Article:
For decades, USPs and positioning have been cornerstones of modern branding. The diff erence between a product or service and its competition is the unique selling proposition (USP) or a competitive advantage. It is “why” a consumer or customer should choose your product or service over your competition. This advantage isn’t sustainable if it is easily copied.
Whatever a product is, it provides something – some benefit or solution. And it’s probably not the only one offering such a benefit or solution. Your prospects are well aware of this, so the question “Why should I choose you?” is on their minds. A USP is what clearly separates a brand from its competitors. It’s something only it offers. Instead of attempting to be known for everything, businesses, products, or services with a unique selling proposition stand for something specific, and it becomes what each is known for.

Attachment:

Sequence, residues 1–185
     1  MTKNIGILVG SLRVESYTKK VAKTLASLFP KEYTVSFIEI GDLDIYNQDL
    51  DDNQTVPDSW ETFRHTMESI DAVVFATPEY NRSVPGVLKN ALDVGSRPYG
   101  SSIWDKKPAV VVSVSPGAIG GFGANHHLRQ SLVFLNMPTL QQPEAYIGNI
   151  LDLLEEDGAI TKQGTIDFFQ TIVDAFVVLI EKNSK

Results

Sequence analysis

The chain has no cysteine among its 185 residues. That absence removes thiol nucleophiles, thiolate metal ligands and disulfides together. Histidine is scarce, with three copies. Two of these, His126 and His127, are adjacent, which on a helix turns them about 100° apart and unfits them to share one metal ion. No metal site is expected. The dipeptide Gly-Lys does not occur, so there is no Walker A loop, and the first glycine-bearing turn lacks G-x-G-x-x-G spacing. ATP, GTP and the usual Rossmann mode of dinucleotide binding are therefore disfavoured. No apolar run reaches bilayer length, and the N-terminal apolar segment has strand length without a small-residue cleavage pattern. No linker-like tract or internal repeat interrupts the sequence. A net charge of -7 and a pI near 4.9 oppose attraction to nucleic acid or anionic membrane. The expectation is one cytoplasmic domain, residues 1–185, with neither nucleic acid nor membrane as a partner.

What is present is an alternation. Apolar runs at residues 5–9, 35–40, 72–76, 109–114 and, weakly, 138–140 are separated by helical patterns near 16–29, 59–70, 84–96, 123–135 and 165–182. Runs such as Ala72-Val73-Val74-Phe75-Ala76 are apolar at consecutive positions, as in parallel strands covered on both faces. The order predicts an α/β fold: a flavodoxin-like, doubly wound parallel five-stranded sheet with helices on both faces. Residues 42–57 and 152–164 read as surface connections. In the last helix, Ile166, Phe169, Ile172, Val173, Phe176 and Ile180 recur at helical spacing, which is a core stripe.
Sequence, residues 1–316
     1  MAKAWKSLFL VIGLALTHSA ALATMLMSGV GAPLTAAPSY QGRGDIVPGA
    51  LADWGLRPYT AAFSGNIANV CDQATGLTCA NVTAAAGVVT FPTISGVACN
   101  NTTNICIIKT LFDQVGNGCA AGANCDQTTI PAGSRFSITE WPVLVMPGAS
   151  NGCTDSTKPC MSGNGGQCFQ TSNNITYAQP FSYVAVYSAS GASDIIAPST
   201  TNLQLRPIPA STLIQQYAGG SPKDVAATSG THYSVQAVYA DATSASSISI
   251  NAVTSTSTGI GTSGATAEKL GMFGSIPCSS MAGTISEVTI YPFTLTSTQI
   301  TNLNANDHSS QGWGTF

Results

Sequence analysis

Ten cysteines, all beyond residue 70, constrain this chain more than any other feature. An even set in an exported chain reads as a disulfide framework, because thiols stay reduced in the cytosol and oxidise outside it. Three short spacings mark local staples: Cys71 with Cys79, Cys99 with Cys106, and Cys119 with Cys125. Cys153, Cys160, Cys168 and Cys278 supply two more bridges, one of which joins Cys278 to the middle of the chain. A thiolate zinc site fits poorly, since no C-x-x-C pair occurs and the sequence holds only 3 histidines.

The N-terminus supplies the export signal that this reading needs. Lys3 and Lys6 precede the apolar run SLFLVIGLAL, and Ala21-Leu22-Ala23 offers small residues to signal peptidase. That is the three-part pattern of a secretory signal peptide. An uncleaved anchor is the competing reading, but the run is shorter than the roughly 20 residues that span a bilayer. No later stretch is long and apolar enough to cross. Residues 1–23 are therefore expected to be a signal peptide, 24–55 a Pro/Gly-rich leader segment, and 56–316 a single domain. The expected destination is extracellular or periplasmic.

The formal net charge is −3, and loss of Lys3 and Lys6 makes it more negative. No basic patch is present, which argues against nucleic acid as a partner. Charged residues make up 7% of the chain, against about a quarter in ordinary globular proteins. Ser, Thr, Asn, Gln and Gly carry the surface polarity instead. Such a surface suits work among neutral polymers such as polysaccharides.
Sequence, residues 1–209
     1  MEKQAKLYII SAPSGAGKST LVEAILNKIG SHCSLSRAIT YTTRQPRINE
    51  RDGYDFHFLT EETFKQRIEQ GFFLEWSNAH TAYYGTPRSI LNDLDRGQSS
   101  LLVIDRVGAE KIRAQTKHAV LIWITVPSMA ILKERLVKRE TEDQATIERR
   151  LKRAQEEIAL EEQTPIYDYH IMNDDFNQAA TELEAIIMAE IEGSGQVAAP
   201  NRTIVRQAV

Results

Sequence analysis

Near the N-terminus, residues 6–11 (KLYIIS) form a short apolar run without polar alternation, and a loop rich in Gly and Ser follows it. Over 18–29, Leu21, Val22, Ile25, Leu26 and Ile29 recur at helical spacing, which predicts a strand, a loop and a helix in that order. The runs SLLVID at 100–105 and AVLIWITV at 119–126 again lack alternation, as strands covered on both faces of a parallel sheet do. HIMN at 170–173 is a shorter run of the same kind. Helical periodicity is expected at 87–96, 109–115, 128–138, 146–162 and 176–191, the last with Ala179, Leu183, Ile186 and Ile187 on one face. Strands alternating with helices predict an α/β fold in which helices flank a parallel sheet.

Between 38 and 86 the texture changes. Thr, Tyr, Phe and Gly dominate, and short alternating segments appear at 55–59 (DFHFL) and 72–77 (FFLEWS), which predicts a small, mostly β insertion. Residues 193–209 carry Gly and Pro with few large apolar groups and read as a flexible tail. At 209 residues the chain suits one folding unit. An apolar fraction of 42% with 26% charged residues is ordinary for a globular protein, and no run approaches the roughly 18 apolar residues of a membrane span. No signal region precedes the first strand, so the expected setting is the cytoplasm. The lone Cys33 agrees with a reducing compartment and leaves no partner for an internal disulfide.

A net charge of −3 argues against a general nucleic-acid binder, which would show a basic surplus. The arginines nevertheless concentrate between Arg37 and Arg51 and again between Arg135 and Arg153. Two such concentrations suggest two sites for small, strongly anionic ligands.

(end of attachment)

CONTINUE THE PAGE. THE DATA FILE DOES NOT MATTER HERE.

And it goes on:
USP, UEP, and U-Spiritual-P
Today, some experts argue that the concept of the unique selling proposition creates “singularization,” or narrow-minded marketing. They espouse that today’s markets are more global and consumers have far more choices with information readily available via the internet. They argue that today’s markets are flooded with me-too products that can’t be differentiated singularly through rationale promises, but instead have to be differentiated emotionally and even spiritually.